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Biological molecular motors programmed to run DNA chasis

(credit: Reck-Peterson Lab, Harvard Medical School)

Among the recommendations of the 2007 Technology Roadmap for Productive Nanosystems is the development of modular molecular composite nanosystems (MMCNs), such as systems in which million-atom-scale DNA frameworks are used to organize various functional molecular components in ways to accomplish specific functions, eventually including atomically precise manufacturing. A step in this direction was taken by Harvard University scientists who used a DNA origami framework as a chasis on which to assemble and test the biological molecular motors that maintain subcellular organization in eukaryotic cells through the organized transport of various molecular cargos. In cells these molecular motors dynein and kinesin transport cargos in opposite directions along a hollow 25-nm-diameter protein track—the microtubule component of the cytoskeleton. In this work, the molecular motors carried a DNA chasis cargo along microtubules for a few tens of micrometers—comparable to the length of a eukaryotic cell. “Tug-of-War in Motor Protein Ensembles Revealed with a Programmable DNA Origami Scaffold” was published online in Science last week [abstract, PDF made available by corresponding author].

The DNA chasis comprised a 12-helix bundle with six DNA double helices on the inside and six on outside of the bundle. A total of 90 unique DNA handles on the outer helices of the chasis, and complementary DNA handles on the cargo-binding domains of the dynein and kinesin motor molecules, made it possible to bind specific motor molecules to specific spots on the DNA chasis. The researchers then measured how fast and how far the DNA chasis cargoes were carried along the microtubules when different ensembles of motor molecules were attached to one DNA chasis. After determining how different number of one motor carried the cargo to one end of the microtubule and different numbers of the other motor carried the cargo to the other end of the microtubule, the researchers tried mixing both motors on one cargo chasis. Not surprisingly, in some cases no movement was observed as the two motors tugged in opposite directions. Specific cleavage of the attachments of one type of motor to the cargo released the cargo to move in the appropriate direction. In summing up their results:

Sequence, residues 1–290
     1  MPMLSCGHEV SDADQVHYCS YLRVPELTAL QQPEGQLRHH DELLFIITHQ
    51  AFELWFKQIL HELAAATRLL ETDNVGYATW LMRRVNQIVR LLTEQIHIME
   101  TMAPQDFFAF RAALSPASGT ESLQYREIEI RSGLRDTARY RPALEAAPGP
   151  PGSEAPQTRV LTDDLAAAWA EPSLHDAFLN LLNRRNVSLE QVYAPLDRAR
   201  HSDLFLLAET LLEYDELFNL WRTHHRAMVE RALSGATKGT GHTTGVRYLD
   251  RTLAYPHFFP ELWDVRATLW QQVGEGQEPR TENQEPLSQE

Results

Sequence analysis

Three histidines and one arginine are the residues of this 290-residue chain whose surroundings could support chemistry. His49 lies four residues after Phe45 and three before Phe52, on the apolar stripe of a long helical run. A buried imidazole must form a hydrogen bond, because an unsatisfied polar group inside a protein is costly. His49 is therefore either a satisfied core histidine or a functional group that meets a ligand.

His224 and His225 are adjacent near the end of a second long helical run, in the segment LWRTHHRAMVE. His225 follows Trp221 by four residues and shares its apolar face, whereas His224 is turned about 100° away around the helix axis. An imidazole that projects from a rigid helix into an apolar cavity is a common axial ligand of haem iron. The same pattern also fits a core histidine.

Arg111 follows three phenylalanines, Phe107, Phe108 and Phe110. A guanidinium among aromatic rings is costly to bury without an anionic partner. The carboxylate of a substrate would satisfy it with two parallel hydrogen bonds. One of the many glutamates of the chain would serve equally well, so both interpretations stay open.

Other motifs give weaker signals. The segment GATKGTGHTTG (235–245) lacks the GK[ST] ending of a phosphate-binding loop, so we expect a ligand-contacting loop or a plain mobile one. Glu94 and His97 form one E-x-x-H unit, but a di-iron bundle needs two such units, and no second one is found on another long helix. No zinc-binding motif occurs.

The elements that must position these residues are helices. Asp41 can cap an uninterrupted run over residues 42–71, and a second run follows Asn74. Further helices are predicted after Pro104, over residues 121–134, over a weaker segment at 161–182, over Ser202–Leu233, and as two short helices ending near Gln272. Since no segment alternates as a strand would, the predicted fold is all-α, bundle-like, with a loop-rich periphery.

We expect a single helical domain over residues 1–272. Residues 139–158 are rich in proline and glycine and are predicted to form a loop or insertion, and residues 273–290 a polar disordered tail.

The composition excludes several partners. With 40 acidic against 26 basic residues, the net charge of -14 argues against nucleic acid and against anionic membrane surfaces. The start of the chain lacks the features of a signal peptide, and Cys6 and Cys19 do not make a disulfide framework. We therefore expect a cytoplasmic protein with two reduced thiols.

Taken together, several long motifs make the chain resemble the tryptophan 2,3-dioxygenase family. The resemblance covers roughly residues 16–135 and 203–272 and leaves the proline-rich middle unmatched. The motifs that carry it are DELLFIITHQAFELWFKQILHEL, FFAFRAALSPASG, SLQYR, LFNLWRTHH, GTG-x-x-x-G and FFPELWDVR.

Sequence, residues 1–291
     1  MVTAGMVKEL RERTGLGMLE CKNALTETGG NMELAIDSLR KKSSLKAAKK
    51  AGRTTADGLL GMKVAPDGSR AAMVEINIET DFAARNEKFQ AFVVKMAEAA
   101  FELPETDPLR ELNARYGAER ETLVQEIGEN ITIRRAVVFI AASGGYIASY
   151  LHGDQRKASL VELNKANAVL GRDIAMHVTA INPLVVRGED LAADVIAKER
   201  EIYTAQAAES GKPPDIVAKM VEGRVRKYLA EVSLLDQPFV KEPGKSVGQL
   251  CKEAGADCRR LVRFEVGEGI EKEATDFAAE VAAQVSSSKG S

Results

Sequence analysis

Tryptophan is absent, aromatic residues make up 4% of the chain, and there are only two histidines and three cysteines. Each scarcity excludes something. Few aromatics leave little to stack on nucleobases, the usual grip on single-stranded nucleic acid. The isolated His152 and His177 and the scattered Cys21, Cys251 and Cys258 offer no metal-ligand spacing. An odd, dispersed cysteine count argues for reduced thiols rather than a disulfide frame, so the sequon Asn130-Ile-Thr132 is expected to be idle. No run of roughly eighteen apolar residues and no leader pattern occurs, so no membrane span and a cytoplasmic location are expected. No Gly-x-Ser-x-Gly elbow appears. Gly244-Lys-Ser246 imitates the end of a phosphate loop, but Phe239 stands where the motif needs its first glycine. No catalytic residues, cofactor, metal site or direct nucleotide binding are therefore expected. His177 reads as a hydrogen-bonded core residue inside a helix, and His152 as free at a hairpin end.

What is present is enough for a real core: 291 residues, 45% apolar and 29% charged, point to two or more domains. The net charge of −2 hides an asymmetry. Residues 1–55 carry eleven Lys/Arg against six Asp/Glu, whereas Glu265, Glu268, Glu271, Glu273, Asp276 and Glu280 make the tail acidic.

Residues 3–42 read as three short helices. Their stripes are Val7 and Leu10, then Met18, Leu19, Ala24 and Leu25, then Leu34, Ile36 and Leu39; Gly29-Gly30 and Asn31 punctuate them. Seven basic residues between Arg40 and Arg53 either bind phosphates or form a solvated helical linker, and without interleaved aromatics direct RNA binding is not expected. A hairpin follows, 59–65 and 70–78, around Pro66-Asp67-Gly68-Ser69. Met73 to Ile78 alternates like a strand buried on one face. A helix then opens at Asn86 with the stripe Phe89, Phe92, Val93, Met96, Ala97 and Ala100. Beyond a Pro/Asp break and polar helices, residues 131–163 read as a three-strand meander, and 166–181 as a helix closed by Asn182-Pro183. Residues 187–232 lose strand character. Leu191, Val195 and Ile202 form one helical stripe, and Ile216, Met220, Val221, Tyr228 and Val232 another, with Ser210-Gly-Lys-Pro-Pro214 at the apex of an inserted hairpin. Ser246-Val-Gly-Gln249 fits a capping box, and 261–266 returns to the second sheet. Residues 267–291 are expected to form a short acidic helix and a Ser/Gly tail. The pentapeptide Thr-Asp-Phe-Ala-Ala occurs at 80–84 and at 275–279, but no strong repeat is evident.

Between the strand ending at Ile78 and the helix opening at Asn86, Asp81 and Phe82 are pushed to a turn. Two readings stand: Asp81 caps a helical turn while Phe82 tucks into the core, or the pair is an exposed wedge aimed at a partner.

Using DNA origami, we built a versatile, synthetic cargo system that allowed us to determine the motile behavior of microtubule-based motor ensembles. In ensembles of identical-polarity motors, motor number had minimal affect on directional velocity, while ensembles of opposite-polarity motors engaged in a tug-of-war resolvable by disengaging one motor species. … The system we built pro-vides a powerful platform to investigate the motile properties of any combination of identical- or opposite-polarity motors, and could also be used to investigate the role of motor regulation.

It seems likely that the system reported in this article will enable researchers to learn to regulate the movement of molecular motors carrying very diverse cargos along thick protein tracks to destinations separated by micrometers or ten of micrometers. Would such a capability contribute to the construction of useful molecular assembly lines? Could molecular motors be constructed that move cargos shorter, precisely determined distances along smaller, more precisely arranged tracks? Is this just a cute trick for learning more about biological molecular motors (after all, they do figure prominently in various serious diseases), or could this be a small step toward learning to build nanofactories?
—James Lewis, PhD

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